Kizuna: Fiction for Japan - The Sundered Worlds - The Winds of Limbo - Modem Times 2.0 - Elric: Swords and Roses


  • #2
    I completely sympathize with your concern, as I feel the same way.
    It seems to be an arbitrary cultural phenomenon as to which animal lives are expendable for human pleasure and which are not.
    I have to ask, why is use of the skin of a cow, pig or a chicken more acceptable than that of a dog or a cat?

    Comment


    • #3
      Pretty horrid :x I've seen some cat toys for sale which actually look suspiciously as though they're, erm, made of cat. I think some of this stuff also comes from Europe.

      I've a friend whose parents come from China. She says her mum just can't understand why she keeps a pet cat, and is always mentally sizing it up for the pot. But I don't think that Westerners can really criticise the Chinese as long as we're doing vivisection for cosmetics, and buying these products, of course.
      \"...an ape reft of his tail, and grown rusty at climbing, who yet feels himself to be a symbol and the frail representative of Omnipotence in a place that is not home.\" James Branch Cabell

      Comment


      • #4
        It's a fine point, I know, but if we are going to kill animals (or people) the method and the context require discussion. I am temperamentally of a Buddhist persuasion and would love to live in an ideal world where we don't kill to live, but the chances of achieving such a world are pretty slim, whereas it IS possible to rally public sentiment around such issues as the trade in the fur of domestic pets. It might not deal with the whole problem, but it at least deals with part of it. I've never been an absolutist, because that CAN be a way of avoiding doing the things we ARE capable of doing. We might not be able to stop people eating meat and wearing leather, but we can ensure that old donkeys live out their lives in some kind of happiness. We even subscribe to that elephant sanctuary in Tennessee. You're talking to the guy who believes that every time we eat squid, we're essentially consuming a creature which is the Einstein of the ocean. I've even be known to take a cockroach and carefully release it into the wild... When I do have to kill one, I tell myself the cockroach contains the soul of a cat-killer. Might not do much for the roach, but it relieves my conscience a little. It's how we keep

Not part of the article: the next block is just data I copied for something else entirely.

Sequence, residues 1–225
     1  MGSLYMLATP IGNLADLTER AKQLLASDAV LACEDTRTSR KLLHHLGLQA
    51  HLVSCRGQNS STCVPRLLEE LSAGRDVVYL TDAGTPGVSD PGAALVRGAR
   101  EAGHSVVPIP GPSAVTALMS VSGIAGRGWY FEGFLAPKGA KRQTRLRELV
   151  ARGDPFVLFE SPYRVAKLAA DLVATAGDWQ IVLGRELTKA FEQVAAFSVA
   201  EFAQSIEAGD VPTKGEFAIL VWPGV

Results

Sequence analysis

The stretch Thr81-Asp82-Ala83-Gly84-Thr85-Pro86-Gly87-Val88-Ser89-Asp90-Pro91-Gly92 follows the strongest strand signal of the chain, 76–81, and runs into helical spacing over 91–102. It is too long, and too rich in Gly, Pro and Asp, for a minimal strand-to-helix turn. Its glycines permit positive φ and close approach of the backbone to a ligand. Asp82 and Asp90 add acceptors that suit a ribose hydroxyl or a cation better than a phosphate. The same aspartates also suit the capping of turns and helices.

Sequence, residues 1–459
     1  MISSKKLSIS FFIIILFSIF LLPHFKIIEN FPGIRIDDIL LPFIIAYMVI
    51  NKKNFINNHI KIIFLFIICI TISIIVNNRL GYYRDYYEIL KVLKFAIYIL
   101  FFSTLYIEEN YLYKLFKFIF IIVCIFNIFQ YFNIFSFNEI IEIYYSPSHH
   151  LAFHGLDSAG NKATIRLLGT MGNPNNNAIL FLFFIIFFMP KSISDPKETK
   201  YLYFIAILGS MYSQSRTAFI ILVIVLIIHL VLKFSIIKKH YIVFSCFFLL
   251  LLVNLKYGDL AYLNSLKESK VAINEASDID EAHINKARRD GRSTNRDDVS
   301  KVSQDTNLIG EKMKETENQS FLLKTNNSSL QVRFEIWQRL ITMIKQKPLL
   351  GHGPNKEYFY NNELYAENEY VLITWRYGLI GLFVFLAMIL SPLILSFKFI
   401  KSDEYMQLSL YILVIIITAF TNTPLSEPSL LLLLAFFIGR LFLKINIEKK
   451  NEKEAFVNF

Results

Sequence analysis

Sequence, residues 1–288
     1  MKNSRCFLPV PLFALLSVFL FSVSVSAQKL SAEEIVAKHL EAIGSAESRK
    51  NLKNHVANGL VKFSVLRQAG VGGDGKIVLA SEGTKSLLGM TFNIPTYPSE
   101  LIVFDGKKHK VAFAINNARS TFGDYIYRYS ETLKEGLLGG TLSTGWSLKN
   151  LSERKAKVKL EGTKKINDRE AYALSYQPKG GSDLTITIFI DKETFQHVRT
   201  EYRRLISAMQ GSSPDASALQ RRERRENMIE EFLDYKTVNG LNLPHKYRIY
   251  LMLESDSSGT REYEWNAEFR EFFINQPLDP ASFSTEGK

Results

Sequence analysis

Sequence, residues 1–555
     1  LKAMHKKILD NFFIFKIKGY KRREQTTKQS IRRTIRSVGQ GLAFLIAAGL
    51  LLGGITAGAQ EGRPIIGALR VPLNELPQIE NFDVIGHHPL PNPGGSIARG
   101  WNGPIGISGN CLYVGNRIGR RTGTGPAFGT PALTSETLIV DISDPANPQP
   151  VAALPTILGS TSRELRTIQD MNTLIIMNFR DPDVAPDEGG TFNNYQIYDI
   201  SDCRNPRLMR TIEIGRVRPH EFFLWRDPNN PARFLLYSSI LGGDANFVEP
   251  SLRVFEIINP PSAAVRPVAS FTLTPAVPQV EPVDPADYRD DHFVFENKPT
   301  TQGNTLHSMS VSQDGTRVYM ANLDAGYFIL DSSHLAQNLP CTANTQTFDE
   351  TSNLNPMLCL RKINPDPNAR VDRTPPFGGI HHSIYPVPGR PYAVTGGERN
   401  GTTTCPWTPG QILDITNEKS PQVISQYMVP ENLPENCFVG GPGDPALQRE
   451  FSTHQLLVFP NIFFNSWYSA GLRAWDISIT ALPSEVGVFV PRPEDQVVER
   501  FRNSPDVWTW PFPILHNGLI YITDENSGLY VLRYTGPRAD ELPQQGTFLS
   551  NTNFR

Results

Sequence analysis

going, after all, in this existential world...

        Pre-order or Buy my latest titles in Europe:
        The Whispering Swarm: Book One of the Sanctuary of the White Friars - The Laughter of Carthage - Byzantium Endures - London Peculiar and Other Nonfiction
        Doctor Who: The Coming of the Terraphiles - Kizuna: Fiction for Japan - Modem Times 2.0 - The Sunday Books - The Sundered Worlds


        Pre-order or Buy my latest titles in the USA:
        The Laughter of Carthage - Byzantium Endures - London Peculiar and Other Nonfiction - The Sunday Books - Doctor Who: The Coming of the Terraphiles
        Kizuna: Fiction for Japan - The Sundered Worlds - The Winds of Limbo - Modem Times 2.0 - Elric: Swords and Roses

        Comment


        • #5
          Yes, this is a huge problem. Remember the decapitated cats of southwest London? There is also evidence of cats disappearing for their fur in London: seemingly reappearing as gloves. It's hard to distinguish reality from urban myth, but there is definitely some trade over here, too. There was (of course) much suspiscion that the culprits were 'immigrants' - E. Europeans were the target this time, I think. Very similar story to 'Johnny Foreigners are capturing and eating swans!' hysteria last year (a myth that has been a perennial fave since the Middle Ages, it transpires). Whatever the degree of domestic pet fur trading, there is certainly an increasingly level of 'petnapping' - deliberate pet-pinching for reward! Monstrous.
          The most important things are of course (a) Don't buy it - regardless of source [it is rarely a by-product]; (b) Tell everyone else not to buy it; (c) Don't hesitate to express your disgust in deference to any PC inclination to not offend people - when you're talking about non-human life, religion and culture must be secondary. It is one of the greatest evils of humanity that we have imposed our ludicrous misconceptions on other species.

          Comment


          • #6
            We lost a cat once in a spate of disappearances. Dogfighting is a possible cause. The vile practice is to set the dogs on to cats to give them a taste for blood. To prevent them from being scratched, the cats' claws are pulled out first.
            I was reading the other day how Prince Harry's (or was it the other one) girlfriend's father is in with Mugabe's crowd in Zimbabwe, and runs big game tours where you can kill a leopard for آ£1,600. This top of the range; zebras, giraffes etc. come cheaper. Can you imagine the mentality? It's that same old sick taste for power we've been discussing elsewhere, I suppose.
            \"...an ape reft of his tail, and grown rusty at climbing, who yet feels himself to be a symbol and the frail representative of Omnipotence in a place that is not home.\" James Branch Cabell

            Comment


            • #7